5. OHH! I am so with you on that!

    I wound up chucking the SL IGs and creating my own (figured I was doing most of it anyway, with math, science, languages, art/music. . . )

    The only bummer is that I’m now doing this for 4 boys. . .

  6. MLBAH & Joy ~ The Lingua Angelica just arrived in the mail a few days ago — my freebie from Memoria Press. It looks GREAT! It has a music CD, and it basically expands Latin vocabulary and usage by going over traditional Latin/Catholic hymns. Have you seen it? I’ve already decided to do it after LC1, before we start LC2.

    Christine ~ Hey! Welcome to the blog. Thanks for the comment. I do still use the IGs. I really love SL’s content, and the consistently choose books both that I adore, and ones I never would have thought of, but am so happy to have read them, after we’re through w/ them. KWIM? My brain is just not that organized enough to completely craft three (let alone four!) lesson plans. I do better taking someone else’s ideas and altering them to fit my own — from recipes, landscaping plans, vacations, to lesson plans!!!!

  7. No, Karen, I haven’t seen that. I’ll have to check it out!

  8. Jennifer Adsitt

    I was looking up help with homeschool scheduling, and I came across your blog! We are in our second year of homeschooling – first year with Sonlight. Saturday was exciting – box day! However, after all the excitement and liking through everything, I opened up my instructor’s manual…overwhelming!! My weak point, unfortunately, is scheduling. I need help! Any advice on how I can schedule our day to day? I have a 2nd grader, a preschooler, and a 1 year old. 🙂 Our preschooler will be attending a First Learners Progran at our church on Tuesdays and Thirsdays, so that throws another kink in! Any thoughts or ideas would be greatly appreciated!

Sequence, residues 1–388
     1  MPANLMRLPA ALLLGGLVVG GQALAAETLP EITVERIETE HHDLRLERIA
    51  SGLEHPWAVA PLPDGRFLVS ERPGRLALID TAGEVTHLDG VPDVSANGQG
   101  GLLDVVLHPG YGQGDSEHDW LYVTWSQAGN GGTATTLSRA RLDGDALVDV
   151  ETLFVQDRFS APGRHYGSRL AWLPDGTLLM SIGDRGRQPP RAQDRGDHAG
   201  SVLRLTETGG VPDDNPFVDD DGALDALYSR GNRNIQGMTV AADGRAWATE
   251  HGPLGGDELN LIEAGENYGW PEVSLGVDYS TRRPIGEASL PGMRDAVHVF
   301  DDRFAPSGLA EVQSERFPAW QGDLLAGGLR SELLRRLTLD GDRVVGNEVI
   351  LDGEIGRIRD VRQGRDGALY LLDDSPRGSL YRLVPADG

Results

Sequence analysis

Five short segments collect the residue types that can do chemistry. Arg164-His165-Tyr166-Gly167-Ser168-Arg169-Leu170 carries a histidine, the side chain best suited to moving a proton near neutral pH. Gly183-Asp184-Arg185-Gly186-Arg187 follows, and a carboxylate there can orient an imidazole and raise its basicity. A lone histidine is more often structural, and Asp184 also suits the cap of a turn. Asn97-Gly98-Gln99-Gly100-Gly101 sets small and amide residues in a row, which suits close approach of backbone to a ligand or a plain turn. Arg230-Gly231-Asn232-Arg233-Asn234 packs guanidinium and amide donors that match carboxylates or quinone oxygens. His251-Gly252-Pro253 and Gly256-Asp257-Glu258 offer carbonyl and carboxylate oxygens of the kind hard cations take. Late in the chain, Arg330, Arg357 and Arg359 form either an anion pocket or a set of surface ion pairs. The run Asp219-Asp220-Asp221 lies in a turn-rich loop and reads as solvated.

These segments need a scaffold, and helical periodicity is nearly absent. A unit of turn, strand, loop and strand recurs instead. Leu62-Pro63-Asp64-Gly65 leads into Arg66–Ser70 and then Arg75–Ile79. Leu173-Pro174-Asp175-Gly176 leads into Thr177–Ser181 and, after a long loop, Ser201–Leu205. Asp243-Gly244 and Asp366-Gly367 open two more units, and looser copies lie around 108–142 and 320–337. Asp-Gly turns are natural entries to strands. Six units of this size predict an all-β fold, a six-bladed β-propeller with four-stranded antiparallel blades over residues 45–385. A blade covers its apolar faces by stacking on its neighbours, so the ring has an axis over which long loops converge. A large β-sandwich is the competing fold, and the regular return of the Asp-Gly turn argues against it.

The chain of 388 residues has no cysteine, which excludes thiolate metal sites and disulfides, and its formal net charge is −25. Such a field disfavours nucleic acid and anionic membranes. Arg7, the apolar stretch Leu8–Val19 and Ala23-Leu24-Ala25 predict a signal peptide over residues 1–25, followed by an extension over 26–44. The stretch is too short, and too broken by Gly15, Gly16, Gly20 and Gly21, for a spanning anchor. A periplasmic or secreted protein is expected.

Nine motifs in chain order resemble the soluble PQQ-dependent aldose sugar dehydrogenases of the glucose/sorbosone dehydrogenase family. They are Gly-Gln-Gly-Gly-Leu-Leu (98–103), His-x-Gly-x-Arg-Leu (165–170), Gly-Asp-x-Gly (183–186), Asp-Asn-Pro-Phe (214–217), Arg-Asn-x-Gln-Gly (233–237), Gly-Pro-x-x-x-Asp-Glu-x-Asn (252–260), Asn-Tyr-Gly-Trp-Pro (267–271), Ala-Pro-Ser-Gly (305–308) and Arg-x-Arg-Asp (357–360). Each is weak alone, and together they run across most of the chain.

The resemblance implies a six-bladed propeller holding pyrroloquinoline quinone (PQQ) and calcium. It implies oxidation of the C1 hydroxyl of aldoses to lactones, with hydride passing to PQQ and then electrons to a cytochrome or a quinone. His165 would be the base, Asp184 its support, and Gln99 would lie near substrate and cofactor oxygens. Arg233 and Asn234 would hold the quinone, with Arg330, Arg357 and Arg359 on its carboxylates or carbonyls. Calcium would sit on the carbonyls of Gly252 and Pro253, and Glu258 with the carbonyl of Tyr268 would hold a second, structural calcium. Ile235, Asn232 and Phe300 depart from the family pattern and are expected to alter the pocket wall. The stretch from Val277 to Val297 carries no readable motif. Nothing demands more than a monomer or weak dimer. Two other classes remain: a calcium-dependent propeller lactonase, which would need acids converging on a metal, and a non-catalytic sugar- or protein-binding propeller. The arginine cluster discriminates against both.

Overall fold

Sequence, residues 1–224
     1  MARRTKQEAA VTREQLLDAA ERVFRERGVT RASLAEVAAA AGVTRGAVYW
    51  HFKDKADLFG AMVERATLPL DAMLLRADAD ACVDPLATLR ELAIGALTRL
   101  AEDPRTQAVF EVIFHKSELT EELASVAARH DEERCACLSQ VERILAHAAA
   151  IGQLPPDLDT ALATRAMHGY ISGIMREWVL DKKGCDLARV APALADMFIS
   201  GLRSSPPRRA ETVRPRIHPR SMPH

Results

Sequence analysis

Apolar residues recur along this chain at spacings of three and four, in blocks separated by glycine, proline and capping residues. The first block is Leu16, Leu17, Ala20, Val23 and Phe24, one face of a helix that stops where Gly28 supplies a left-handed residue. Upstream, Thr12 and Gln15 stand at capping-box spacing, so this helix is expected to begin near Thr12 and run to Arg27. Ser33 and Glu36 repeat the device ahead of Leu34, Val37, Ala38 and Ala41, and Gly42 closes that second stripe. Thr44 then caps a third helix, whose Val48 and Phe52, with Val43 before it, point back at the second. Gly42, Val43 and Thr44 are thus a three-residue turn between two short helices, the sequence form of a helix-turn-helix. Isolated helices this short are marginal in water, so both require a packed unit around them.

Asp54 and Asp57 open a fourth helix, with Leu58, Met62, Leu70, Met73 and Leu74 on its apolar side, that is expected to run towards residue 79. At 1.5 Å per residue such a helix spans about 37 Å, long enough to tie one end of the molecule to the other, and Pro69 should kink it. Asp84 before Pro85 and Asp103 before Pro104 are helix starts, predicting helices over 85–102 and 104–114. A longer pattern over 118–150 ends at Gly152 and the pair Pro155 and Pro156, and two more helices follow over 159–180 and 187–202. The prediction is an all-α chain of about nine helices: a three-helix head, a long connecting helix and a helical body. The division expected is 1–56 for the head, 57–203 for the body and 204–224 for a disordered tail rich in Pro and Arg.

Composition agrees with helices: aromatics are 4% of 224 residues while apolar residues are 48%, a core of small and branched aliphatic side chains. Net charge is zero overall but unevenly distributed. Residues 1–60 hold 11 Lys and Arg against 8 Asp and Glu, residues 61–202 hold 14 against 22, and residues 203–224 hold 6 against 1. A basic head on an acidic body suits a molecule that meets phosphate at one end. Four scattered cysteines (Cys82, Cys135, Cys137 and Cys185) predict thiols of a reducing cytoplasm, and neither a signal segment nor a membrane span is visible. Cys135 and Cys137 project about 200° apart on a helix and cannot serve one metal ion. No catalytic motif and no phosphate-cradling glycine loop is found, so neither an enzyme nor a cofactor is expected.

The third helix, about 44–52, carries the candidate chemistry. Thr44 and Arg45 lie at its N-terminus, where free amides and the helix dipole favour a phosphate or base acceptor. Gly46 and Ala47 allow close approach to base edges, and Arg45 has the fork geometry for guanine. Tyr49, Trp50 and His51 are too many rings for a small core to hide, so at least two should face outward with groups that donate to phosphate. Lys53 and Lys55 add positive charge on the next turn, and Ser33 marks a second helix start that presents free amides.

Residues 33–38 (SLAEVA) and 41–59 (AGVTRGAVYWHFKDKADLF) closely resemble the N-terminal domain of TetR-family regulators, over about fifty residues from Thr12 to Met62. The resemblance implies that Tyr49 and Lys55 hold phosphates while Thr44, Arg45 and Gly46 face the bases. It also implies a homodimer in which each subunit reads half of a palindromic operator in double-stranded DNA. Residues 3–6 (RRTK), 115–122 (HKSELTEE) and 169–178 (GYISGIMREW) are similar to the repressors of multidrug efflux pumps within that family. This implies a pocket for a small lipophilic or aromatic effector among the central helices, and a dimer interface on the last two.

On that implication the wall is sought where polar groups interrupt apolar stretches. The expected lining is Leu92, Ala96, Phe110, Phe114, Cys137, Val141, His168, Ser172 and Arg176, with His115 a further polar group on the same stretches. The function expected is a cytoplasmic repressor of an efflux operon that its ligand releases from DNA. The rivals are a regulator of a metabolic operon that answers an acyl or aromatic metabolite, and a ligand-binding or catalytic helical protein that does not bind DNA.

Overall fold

~ Jenn

    • Jenn, the best thing I can suggest when you are starting a new program is: TAKE IT SLOWLY!! Start with one or two subjects the first week, like read-aloud and math (or whatever). The next week, add in science and history. Or whatever works for your schedule. I find that it is fairly easy to catch up on weeks where you’re “behind”, and it is well-worth your sanity to get used to things gradually, rather than berate yourself for learning an entirely new “platform” all in one fell swoop. If you try to “get it” all at once, it will not only overwhelm yourself, but it will overwhelm your 2nd grader. 🙂 So, truly: Take it slowly. And, at the end of the year, even if you only get half to 3/4 of the Core done, your 2nd grader will have learned WELL beyond what conventionally-schooled second-graders have for that year. 🙂